This changed over time, when most stories began to acquire a different purpose: to entertain. As entertaining is a much looser objective, stories began to last longer, letting situations play out in their own time (sometimes, in order to entertain more, they would even play out in unexpected ways). But still, characters throughout most of history depended on socially constructed concepts of “hero”, “villain”, “sidekick”, “damsel”, etc. Nobody washed the dishes, nobody did the laundry – characters existed mostly to act out the situations they were put in, which demanded that they be two dimensional exaggerations far removed from actual human beings. This all changed with the advent of literary realism, when authors around the world began challenging the romantic notions that had dominated literature up to the 19th century and their characters began acting more like human beings. They were good, yes, but also bad, brave, lazy, generous, petty – in short, everything we are.

Characters throughout most of history depended on socially constructed concepts of “hero”, “villain”, “sidekick”, “damsel”, etc – but now we need to know the people behind the characters.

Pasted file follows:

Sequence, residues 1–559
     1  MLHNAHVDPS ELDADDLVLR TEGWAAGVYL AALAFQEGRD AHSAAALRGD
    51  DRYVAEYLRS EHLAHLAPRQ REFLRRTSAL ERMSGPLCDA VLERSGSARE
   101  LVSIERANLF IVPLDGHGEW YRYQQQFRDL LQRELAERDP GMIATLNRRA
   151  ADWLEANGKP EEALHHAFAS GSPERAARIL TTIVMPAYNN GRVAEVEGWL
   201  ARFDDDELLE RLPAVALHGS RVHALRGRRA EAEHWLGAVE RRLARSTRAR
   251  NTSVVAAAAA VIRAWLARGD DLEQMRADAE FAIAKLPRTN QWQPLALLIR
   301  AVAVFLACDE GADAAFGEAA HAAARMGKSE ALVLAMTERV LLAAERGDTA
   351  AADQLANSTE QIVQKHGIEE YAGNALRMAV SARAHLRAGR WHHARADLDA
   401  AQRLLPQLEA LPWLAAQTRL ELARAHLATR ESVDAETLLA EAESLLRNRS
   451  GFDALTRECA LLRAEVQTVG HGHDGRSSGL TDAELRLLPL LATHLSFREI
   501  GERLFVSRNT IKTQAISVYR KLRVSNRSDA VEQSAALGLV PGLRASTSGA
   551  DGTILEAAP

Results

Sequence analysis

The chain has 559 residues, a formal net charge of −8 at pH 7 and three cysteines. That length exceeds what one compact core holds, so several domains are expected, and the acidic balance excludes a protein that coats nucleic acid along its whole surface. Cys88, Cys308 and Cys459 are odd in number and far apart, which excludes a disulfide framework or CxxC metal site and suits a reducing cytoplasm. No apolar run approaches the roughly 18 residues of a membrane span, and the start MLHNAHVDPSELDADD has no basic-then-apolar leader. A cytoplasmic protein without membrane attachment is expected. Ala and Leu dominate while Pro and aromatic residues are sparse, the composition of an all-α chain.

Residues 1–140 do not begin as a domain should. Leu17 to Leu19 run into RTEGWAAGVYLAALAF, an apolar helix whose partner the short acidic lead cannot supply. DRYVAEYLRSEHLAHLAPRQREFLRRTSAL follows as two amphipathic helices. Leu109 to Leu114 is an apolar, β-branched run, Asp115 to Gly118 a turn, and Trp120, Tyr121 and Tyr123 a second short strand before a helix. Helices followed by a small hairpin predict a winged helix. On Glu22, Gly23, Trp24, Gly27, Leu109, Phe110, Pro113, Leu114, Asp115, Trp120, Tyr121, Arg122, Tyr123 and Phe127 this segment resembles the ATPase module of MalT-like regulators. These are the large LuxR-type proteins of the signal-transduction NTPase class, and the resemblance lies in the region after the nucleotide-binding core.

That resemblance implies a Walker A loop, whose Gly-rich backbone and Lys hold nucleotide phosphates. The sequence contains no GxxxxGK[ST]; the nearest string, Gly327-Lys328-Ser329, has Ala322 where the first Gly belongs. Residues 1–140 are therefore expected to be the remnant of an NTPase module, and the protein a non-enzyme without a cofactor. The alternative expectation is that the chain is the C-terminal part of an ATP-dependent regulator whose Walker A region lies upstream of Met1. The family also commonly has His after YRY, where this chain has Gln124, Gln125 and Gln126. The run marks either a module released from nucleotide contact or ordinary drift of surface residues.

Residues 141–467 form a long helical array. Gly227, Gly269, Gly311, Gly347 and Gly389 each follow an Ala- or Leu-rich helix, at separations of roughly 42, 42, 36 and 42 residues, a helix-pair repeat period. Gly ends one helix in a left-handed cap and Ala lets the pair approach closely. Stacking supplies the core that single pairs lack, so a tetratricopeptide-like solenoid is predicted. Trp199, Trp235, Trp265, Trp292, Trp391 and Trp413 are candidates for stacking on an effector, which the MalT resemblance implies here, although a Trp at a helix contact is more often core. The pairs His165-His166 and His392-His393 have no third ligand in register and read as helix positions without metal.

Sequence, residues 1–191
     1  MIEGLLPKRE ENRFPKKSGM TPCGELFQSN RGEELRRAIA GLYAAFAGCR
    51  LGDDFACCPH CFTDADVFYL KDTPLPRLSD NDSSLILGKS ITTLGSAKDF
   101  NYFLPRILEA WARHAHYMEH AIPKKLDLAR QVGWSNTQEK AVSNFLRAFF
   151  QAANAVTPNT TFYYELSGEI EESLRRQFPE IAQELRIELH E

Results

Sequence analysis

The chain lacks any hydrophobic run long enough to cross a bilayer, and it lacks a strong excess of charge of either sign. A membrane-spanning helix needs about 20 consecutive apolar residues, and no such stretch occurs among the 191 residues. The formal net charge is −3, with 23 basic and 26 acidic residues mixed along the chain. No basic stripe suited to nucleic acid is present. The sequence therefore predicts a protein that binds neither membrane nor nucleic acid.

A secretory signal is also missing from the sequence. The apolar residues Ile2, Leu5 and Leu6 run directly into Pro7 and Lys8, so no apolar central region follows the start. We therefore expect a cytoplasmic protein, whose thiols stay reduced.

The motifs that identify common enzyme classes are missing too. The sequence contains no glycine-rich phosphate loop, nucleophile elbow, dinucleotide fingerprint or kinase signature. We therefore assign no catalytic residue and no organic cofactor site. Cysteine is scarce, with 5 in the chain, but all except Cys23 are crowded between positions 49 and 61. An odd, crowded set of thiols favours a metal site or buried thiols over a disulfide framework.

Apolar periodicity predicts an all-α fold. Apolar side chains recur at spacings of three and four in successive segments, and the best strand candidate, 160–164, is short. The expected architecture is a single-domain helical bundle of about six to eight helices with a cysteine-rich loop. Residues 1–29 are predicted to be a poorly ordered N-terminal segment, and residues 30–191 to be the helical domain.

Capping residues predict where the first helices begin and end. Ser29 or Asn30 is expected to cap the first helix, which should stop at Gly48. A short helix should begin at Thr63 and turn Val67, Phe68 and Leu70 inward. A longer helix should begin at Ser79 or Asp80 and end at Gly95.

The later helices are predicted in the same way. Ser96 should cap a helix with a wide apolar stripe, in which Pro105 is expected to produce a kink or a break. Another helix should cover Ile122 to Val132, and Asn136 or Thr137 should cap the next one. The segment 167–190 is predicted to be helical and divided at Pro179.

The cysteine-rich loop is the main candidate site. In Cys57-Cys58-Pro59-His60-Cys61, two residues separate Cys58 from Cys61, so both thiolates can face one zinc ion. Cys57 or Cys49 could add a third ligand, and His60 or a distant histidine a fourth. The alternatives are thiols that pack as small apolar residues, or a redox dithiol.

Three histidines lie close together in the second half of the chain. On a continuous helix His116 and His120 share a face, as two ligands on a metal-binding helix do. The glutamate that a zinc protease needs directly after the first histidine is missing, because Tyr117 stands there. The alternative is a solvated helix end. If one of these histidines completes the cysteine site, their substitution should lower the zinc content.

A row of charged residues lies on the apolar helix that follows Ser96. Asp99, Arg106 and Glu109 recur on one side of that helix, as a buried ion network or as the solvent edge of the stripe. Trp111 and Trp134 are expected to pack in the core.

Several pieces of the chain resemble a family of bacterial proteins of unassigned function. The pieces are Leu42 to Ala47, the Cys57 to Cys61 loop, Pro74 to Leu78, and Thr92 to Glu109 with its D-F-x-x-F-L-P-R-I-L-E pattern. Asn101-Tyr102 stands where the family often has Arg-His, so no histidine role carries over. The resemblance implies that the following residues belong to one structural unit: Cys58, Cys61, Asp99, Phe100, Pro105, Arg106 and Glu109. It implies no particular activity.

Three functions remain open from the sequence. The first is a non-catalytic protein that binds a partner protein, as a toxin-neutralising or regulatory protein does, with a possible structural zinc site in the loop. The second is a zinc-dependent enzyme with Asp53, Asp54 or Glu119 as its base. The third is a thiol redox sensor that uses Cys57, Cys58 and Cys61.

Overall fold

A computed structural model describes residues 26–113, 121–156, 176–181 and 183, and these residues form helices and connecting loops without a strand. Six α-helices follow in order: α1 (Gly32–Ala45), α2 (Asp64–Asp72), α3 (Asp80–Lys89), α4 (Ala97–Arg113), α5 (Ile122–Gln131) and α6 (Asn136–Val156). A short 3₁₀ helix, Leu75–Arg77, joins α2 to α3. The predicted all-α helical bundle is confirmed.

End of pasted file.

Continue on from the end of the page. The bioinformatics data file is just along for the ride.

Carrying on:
With every new medium, the cicle began anew – which is fair, after all, it would be too much to ask of the first moviegoers that they not only accepted the moving images in front of them, but also to deal with actual people (gasp!) in the plots. The same goes for television – only when The Sopranos (or, some would argue, Seinfield) broke out as a mainstream hit did we begin to see people, instead of generic pastiches, become the norm in television narratives. Nowadays, I would daresay that, in any medium, characterization has taken a role as important than plot, if not more, which is to say: what happens is as important as to whom it happens. We have a need now to know characters, their backstories, their struggles, their dreams. We need to empathize, or we just won’t surrender our disbelief.